President Trump suggested Wednesday that NBC and other broadcasters might have their licenses challenged following a report he proposed a tenfold increase in nuclear weapons, prompting Secretary of State Rex Tillerson to call him a "moron."

But scholars say Trump's claims of "fake news" are unlikely to result in any license revocations by the five-member Federal Communications Commission, an independent agency appointed but not controlled by the president.

"No one but a moron (Trump?) would bet on it with real money," said Glen Robinson, a former FCC commissioner who teaches at the University of Virginia School of Law.

FCC broadcast licenses are held by individual TV affiliates, but cable channels such as MSNBC and online news sites such as, which published the story, don't need a similar license — limiting even the theoretical effect.

"Anyone can file with the FCC a challenge to the renewal of a broadcast license," Robinson said.

But, he added, "the denial of a license renewal on the strength of a claim like Trump's is so wildly improbable that I am sure no one at NBC — or Comcast, its owner — is losing any sleep over such a possibility."

Until 1987, the FCC's "Fairness Doctrine" technically required broadcasters to present balanced news coverage, but Robinson said even under that doctrine, "the FCC set a high standard of proof to support fairness challenges that would not be satisfied by chants of 'fake news.'"

Duke Law School professor Stuart Benjamin, appointed in 2009 as the FCC's first distinguished scholar in residence, said "there is precedent" for politically motivated licensing decisions. But he said that precedent is "from the 1920s and it's universally regarded as being a mistake."

The historical examples of blocked licenses were handed down by the FCC's radio-regulating forerunner and are treated today as "anti-precedents," Benjamin said.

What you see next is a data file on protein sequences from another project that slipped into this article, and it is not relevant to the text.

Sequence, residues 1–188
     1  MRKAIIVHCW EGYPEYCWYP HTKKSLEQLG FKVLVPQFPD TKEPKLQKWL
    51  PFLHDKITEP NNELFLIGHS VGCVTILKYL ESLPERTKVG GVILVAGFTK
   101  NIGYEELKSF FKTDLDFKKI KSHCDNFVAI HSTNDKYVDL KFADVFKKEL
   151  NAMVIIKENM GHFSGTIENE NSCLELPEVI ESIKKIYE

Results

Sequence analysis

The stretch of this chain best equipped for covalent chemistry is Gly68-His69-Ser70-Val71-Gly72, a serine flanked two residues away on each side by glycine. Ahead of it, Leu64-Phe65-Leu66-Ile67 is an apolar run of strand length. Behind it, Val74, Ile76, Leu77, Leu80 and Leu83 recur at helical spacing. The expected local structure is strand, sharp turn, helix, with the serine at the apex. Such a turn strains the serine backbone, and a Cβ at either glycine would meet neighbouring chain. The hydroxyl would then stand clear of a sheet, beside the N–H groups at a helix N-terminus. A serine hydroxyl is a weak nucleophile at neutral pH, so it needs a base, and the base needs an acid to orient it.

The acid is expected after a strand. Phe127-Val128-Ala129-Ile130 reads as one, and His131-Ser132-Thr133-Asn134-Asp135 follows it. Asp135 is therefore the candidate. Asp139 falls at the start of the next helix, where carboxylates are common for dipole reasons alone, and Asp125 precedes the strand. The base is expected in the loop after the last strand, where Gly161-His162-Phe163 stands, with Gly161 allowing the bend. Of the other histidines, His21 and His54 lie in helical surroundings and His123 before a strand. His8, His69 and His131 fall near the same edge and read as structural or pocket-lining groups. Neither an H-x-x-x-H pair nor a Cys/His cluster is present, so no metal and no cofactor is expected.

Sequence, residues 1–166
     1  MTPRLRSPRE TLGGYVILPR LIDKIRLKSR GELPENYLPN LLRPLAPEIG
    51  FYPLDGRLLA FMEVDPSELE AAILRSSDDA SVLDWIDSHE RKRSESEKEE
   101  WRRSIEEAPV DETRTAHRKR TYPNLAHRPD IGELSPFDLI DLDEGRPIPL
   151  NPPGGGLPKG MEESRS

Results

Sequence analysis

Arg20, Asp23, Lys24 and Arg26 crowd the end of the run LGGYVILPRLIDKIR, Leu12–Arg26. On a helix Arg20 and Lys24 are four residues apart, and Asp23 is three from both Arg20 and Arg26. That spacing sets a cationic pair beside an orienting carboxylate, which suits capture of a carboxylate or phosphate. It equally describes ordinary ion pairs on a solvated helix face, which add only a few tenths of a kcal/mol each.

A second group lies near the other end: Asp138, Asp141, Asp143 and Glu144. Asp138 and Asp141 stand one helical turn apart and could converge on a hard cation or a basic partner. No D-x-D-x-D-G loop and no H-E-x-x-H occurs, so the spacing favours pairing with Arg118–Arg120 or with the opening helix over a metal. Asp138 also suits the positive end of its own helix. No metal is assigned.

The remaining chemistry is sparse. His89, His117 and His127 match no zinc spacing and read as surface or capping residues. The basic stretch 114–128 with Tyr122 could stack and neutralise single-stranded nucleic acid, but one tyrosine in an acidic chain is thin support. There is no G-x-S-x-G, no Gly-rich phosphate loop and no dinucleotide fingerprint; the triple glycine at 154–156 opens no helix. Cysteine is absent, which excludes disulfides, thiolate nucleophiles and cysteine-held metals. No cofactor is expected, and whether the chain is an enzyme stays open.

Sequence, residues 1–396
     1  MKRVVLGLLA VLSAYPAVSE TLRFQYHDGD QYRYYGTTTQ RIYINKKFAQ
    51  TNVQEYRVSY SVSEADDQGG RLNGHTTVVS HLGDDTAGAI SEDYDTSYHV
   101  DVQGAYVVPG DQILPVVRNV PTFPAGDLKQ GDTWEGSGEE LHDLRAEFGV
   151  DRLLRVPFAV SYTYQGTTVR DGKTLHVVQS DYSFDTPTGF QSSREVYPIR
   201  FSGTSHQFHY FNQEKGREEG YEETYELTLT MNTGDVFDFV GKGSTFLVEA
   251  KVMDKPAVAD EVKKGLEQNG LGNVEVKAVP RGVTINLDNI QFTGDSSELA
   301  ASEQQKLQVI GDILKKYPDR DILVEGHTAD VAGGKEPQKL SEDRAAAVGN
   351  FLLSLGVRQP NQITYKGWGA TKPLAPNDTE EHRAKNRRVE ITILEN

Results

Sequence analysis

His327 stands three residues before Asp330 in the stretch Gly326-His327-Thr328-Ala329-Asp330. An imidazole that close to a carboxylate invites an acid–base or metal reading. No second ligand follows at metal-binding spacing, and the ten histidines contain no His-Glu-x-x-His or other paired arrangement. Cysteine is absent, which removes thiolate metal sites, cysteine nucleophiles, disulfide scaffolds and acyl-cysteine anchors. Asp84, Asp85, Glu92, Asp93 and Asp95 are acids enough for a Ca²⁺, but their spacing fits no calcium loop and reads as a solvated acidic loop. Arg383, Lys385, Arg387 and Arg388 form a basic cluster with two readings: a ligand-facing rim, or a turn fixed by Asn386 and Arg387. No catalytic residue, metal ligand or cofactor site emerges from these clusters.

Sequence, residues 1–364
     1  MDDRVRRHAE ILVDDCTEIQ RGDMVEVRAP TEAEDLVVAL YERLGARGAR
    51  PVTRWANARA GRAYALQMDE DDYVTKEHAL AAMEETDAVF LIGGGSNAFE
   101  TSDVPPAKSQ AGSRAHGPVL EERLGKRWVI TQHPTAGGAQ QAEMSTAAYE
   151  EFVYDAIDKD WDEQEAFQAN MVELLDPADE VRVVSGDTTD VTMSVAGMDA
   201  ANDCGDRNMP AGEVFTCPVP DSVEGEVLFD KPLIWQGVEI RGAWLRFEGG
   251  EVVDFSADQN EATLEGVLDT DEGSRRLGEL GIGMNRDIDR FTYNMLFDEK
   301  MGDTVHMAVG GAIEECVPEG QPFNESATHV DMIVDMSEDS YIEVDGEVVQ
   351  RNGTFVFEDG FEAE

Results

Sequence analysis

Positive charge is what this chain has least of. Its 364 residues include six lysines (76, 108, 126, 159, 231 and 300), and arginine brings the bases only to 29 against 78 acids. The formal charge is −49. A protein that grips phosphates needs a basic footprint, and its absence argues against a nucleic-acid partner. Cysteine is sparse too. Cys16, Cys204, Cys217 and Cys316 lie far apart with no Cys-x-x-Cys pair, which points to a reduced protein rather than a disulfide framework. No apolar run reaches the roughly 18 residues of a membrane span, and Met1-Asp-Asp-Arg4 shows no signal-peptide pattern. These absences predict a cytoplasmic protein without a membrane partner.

"The naked political stuff is treated as anti-precedent," he said. "Challenges are almost never successful, and it really had better be that you are deeply failing to respond to the needs of your community — you aren't broadcasting many hours a day, or you're playing classical music 24-7."

Others were less definitive in their pronouncements.

Tom Wheeler, FCC chairman from 2013 until January under President Obama, wrote in an email that, "I have no idea how Trump FCC would decide."

"This is treading on the First Amendment," Wheeler said about Trump's remarks. "A broadcast license is a public trust, not a political toy."

One of the FCC's five current commissioners, Democrat Mignon Clyburn, said in an afternoon tweet: "Revoking a #broadcast license on such grounds will only happen if we fail to abide by the First Amendment."

Trump didn't appear to soften his stance when questioned. Hours after his morning tweet, he told reporters in the Oval Office, where he was welcoming Canadian Prime Minister Justin Trudeau, that "it's frankly disgusting the way the press is able to write whatever they want to write. And people should look into it."

One recent historical example of yanking a broadcast license comes from Venezuela, where the largest private broadcaster, Radio Caracas Television (RCTV), had its license renewal refused by Hugo Chavez's government in 2007 after it allegedly backed a 2002 coup against the government.

Charles Shapiro, U.S. ambassador to Venezuela at the time of the coup, said people "should always be vigilant whenever the executive threatens the independence of the media in any country."

"Any time the president or prime minister of democratic nation threatens freedom of the press, it is a matter of great concern," said Shapiro, now president of the World Affairs Council of Atlanta.

But Shapiro said that "Hugo Chavez was so far beyond Trump's tweet" that "there's really no comparison except at the most superficial level."

Shapiro's long list of differences include "requiring broadcast media to broadcast hours of mandatory programming at Chavez's whim using the regulations meant for national disasters, having colectivos of chavista thugs attack individual reporters in the field, hold demos in front of TV stations, cancel licenses, then prohibit those stations from using cable TV to broadcast, buying critical newspapers and TV stations, and threatening the other holdings of the media owners if they didn't back down."

Still, others viewed Trump's comments within a worrying historical context of authoritarianism.

New School international affairs professor Nina Khrushcheva, a granddaughter of Soviet leader Nikita Khrushchev, said: "Here, President Trump defined 'fake news' the way Joseph Stalin defined 'enemies of the people': if they offer a slightest objection to his rule they must be wrong. And they must be silenced."